I see myself there, quietly folding my arms, standing outside. It was never too cold but the memories seem icy cool. I walked through the passages, askew and wandering, leading to the schoolyard. Our school was located in a redbrick Korean church building in Van Nuys across from the courthouse. Although I can only slightly remember specific school lessons, I remember vividly the schoolyard—the pouring of students onto the asphalt, the complete lack of grass, the conversations that reached fever-pitch, the nudging into lines that impatiently stirred as we readied for classes to begin.
The rooms were ghostly and empty, dank and eerie. There were four stories in the main building and the higher you traveled and went, the scarier it felt, the more ominous and lonely the hallways and rooms felt. Are all others’ childhood memories flecked with these images of haunted places? Was my fear—my being afraid of the dark and of ghost stories—mirrored onto the rooms and halls of this school building? On the occasions that I would be left alone upstairs, I remember sprinting away with goose bumps crawling all over my skin, running to the masses in the schoolyard. This is ironic for me: there aren’t too many times in my life that I would find solace in being surrounded by crowds of people.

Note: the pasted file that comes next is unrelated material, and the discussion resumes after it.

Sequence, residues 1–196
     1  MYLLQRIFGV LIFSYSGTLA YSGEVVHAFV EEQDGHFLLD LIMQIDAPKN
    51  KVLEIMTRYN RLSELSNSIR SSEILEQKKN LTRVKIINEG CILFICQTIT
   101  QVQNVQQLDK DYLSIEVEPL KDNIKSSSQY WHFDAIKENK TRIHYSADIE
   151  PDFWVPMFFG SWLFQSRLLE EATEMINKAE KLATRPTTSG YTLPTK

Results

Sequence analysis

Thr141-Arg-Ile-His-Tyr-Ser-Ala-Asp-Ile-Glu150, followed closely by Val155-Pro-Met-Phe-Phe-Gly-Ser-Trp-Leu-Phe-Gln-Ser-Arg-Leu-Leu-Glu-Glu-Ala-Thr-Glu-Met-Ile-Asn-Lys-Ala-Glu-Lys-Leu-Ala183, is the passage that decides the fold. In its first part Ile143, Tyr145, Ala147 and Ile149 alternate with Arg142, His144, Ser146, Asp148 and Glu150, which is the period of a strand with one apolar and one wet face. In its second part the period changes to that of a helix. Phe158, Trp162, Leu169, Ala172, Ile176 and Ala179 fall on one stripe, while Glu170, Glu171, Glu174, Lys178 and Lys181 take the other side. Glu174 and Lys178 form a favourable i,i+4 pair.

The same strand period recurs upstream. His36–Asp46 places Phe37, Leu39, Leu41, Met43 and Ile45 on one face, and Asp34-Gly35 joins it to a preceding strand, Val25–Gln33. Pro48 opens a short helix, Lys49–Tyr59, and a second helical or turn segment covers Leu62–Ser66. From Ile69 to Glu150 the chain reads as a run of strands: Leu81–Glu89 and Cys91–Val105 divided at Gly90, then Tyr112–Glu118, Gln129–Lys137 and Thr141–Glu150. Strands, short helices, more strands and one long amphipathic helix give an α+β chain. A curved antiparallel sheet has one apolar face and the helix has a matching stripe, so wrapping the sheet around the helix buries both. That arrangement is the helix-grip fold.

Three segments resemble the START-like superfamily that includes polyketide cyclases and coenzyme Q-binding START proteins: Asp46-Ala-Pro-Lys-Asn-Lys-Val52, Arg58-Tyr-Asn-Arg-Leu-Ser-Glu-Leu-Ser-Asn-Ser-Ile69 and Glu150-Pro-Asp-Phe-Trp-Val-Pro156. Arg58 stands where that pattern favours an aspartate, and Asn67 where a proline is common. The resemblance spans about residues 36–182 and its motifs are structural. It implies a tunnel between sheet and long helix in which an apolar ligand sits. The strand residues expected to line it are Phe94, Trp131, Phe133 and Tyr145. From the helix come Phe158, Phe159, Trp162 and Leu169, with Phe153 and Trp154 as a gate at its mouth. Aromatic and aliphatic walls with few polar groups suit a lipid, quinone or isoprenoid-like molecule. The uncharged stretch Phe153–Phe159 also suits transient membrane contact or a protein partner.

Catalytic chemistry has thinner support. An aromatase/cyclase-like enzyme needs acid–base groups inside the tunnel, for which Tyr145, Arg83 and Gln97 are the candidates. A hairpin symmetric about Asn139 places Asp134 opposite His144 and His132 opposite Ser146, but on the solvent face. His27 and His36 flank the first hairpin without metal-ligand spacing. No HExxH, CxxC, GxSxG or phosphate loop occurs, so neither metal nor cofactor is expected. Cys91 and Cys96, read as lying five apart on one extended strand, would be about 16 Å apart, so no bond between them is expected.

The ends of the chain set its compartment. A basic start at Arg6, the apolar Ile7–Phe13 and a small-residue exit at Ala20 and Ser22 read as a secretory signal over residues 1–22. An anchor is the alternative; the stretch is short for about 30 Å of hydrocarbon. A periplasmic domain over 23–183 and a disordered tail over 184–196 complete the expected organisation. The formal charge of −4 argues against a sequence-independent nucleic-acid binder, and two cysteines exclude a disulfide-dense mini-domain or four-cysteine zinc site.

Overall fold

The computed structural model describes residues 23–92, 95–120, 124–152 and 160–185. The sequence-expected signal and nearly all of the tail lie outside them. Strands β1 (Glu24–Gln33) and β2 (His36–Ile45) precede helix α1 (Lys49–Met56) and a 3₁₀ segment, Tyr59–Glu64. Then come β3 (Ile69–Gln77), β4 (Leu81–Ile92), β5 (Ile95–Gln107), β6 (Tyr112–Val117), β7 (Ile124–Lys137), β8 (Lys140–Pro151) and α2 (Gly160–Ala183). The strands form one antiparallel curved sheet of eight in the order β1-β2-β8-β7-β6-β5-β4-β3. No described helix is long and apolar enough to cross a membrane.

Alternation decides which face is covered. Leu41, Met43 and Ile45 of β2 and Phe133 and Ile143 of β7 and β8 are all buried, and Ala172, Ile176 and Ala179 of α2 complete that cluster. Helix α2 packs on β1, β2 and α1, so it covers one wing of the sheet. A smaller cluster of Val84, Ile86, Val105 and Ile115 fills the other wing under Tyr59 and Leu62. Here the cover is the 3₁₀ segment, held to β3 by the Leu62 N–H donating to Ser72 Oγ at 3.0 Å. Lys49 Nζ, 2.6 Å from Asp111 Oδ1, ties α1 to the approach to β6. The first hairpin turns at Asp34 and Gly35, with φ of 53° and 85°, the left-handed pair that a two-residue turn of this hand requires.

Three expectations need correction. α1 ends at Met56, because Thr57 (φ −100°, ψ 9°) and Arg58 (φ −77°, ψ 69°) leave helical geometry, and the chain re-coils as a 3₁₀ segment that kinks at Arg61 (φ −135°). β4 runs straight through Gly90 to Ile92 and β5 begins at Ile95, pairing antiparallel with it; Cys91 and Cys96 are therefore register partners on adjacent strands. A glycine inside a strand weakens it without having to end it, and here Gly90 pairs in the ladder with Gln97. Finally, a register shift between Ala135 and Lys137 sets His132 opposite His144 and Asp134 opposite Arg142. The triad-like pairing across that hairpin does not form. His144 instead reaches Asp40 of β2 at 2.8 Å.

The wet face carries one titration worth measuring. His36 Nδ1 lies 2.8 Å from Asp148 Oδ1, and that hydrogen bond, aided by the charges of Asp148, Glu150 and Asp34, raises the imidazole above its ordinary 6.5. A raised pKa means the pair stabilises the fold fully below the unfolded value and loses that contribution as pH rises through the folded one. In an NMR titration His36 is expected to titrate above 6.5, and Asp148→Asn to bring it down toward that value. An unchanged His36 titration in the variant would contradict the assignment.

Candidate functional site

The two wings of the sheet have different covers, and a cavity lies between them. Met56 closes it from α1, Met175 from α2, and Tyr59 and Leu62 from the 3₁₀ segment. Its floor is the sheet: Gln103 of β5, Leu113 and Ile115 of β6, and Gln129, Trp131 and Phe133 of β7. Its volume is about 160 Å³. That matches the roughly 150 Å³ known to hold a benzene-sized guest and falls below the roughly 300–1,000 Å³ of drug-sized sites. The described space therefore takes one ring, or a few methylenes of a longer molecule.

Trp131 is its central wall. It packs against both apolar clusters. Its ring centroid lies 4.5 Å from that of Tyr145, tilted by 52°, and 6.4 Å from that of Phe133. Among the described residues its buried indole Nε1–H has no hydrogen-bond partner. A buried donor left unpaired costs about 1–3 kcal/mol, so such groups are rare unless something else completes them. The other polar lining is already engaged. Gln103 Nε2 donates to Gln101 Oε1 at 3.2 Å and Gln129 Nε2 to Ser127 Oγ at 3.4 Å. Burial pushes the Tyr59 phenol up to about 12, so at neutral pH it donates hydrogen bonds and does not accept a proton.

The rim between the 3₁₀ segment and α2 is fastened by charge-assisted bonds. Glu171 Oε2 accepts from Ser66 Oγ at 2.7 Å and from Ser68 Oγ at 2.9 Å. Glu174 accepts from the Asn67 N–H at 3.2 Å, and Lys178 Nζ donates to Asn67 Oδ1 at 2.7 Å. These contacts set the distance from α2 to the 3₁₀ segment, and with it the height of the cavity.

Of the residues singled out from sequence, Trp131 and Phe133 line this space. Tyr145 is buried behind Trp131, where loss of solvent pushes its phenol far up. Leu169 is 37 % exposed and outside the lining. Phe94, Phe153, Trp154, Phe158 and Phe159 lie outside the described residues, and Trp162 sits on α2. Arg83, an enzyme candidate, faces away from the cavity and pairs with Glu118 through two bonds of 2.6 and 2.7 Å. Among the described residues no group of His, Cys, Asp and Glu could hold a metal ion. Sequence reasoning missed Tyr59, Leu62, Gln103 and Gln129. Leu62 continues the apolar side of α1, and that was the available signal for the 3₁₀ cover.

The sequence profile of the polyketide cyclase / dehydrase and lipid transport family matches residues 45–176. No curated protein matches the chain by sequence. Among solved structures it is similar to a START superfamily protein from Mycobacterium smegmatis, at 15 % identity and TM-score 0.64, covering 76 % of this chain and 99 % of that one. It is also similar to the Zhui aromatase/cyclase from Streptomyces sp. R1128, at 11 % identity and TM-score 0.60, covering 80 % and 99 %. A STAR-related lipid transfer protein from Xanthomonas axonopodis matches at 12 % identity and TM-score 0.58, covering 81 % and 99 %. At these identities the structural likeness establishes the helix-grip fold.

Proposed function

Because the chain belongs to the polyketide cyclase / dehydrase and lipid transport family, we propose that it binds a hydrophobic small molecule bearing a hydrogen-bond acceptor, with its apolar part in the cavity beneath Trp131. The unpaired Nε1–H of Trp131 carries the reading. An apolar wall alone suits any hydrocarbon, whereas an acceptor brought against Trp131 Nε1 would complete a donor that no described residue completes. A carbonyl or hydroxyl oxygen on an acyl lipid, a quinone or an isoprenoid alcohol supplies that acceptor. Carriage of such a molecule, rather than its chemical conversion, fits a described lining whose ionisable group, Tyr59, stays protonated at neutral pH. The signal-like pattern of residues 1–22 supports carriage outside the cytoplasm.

And yet my childhood never seemed lonely - nothing close to the loneliness I would feel as an adult. There were my three brothers constantly pushing some thing or some idea into my face. My sister would talk to me when I was there even though she too was fed up with being helpless and wondering what life was. The classroom sizes were tiny. We all knew each other. Everything was the exact same until we hit puberty and became more and more familiar with our neighborhoods and the neighborhood kids they harbored. There was a window that would open up to the school yard which was actually a barren parking lot with basketball rims. Here, we would get our sugary snacks if we had some change. The older kids manned the registers. I never thought I would get that old. Time is an endless riddle to me. I'm thirty-four years old but I still feel like that boy who would never hit his teenage years only to be here asking father time to be a bit gentler. These stairs still harbor frightful, lonesome chills.